Rob, Becky and Emma inside the ice core drilling tent (left), Damon and Andy working at a Neutron Probe site (right) (credit: Alex Taylor).

Rob, Becky and Emma inside the ice core drilling tent (left), Damon and Andy working at a Neutron Probe site (right) (credit: Alex Taylor).

Surface radars operating at the same frequency as satellites that orbit the earth measuring ice surface changes were also deployed. These ground radar measurements enable us to improve the accuracy of satellite derived estimations of ice volume loss from West Antarctica.

Anna operating the surface radar (credit: Jan De Rydt).

Anna operating the surface radar (credit: Jan De Rydt).

Now you know all about iSTAR science but what’s it like to live and work in one of the most remote regions of the coldest, highest, driest and windiest continent on Earth?

Life in the field

Life on the iSTAR traverse is perhaps similar to a travelling circus, only instead of jugglers and gymnasts we have scientists and mechanics and rather than a ‘Big Top’ we had the ice core drilling tent. At each of the 22 sites on the traverse route the circus would set up camp for a few days to a week. Tents would be pitched, sledges un-hitched and science equipment unloaded, the whole process of setting up camp taking just an hour or two.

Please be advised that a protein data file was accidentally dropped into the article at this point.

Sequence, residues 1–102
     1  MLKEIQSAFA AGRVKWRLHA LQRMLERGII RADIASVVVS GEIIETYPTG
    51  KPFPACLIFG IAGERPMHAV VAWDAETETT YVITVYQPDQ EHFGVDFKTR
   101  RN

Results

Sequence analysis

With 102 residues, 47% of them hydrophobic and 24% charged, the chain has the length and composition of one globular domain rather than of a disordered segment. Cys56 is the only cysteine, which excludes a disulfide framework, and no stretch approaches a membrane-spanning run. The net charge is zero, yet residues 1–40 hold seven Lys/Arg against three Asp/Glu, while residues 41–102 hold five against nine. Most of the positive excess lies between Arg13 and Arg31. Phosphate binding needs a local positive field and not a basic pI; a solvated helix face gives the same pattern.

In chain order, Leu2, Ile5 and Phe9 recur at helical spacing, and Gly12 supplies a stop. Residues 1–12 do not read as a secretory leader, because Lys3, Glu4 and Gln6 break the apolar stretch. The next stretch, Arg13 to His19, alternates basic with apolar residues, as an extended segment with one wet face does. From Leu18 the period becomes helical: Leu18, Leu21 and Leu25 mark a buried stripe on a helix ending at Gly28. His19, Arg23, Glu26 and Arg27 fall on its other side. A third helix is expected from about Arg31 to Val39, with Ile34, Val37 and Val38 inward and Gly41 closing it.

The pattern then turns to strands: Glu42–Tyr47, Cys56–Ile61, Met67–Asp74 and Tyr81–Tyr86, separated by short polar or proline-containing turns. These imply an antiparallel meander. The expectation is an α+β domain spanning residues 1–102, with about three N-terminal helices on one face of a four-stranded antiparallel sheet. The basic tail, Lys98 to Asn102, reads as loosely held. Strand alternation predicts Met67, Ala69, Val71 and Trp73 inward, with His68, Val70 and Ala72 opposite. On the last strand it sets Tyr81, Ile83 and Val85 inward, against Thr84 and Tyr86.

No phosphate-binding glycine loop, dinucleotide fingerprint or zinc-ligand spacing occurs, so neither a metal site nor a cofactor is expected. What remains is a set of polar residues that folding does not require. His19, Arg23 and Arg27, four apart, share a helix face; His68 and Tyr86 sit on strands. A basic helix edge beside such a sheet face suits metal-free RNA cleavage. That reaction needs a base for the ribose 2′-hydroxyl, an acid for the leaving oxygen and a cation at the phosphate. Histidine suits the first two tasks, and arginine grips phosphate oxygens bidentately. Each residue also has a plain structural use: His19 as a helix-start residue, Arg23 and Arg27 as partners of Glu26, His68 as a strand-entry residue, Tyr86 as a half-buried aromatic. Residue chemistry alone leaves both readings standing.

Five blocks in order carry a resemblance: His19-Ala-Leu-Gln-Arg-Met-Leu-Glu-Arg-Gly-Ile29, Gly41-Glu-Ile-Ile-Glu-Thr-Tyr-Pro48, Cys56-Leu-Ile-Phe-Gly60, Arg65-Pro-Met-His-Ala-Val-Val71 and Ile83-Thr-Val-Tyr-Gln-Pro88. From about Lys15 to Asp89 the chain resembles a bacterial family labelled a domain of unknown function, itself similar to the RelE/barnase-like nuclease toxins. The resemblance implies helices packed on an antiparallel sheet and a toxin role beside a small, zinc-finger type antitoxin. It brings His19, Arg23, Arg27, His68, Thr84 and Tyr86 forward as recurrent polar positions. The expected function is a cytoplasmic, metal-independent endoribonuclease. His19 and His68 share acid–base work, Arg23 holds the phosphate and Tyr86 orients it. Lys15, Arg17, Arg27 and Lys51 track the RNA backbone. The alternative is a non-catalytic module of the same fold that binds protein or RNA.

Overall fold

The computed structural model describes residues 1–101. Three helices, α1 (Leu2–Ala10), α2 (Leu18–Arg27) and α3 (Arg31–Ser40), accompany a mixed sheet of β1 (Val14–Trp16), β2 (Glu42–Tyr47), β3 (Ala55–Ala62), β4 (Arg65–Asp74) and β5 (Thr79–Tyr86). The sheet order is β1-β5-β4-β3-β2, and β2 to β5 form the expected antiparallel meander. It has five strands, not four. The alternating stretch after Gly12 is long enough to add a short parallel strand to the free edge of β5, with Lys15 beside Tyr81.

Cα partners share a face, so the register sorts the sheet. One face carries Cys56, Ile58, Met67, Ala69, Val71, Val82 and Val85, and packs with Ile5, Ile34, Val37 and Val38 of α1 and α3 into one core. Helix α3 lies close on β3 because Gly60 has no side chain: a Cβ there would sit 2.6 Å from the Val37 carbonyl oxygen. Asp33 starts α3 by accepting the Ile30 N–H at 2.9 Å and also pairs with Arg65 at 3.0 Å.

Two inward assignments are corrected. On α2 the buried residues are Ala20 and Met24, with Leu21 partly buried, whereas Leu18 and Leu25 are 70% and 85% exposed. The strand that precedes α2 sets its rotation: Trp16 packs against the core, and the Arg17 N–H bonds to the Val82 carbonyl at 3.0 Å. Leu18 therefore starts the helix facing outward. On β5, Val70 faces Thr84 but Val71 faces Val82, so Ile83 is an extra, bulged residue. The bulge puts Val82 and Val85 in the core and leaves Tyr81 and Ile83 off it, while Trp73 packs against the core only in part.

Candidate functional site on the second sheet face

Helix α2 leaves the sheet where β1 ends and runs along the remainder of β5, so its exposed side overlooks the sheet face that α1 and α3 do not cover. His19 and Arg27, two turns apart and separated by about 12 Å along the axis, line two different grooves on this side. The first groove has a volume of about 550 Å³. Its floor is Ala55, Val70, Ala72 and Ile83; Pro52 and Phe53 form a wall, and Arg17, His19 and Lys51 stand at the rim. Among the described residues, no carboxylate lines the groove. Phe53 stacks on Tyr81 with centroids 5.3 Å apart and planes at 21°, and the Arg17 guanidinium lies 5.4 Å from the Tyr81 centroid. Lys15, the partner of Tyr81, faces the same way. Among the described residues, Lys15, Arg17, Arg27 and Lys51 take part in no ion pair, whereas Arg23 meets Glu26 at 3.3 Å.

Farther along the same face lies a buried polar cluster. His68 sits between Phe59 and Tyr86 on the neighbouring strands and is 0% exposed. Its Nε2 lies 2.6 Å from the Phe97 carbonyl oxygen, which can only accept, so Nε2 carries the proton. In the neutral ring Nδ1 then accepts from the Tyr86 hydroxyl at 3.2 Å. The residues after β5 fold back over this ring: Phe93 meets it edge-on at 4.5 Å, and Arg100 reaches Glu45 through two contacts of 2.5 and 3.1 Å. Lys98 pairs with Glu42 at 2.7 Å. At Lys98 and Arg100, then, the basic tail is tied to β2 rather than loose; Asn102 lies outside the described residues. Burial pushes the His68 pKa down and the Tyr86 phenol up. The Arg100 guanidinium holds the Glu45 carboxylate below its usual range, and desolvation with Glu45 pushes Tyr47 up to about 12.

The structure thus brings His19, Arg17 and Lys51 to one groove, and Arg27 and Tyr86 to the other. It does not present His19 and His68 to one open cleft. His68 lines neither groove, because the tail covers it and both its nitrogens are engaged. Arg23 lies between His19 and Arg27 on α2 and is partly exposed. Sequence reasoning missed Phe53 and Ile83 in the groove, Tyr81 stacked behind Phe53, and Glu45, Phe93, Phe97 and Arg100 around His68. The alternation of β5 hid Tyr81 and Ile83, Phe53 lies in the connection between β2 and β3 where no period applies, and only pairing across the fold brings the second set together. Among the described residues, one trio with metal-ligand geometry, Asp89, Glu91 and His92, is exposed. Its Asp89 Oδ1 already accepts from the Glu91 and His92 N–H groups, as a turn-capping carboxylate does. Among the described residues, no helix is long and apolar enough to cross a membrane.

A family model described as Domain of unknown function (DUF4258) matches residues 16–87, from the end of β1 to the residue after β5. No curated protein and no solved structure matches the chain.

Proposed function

Setting up the drilling tent (left). iSTAR accommodation (right) (credit: Alex Taylor).

Setting up the drilling tent (left). iSTAR accommodation (right) (credit: Alex Taylor).

This region of Antarctica has a reputation for wild weather. Temperatures can drop below -30°C and winds can reach hurricane speeds reducing visibility to within a few metres. However, on calm days it can be so silent you can hear your own heartbeat and the strength of the summer sun provides welcome warmth. Good weather means working long hours as you never know how long it might last. When the weather takes a turn for the worse, all you can do is shelter from the elements and wait patiently for the storm to pass, though patience can be tested when the storm lasts for a week!

iSTAR team members battling a storm (left) (credit: Alex Taylor). Tent damage after a big storm (right) (credit: Damon Davies).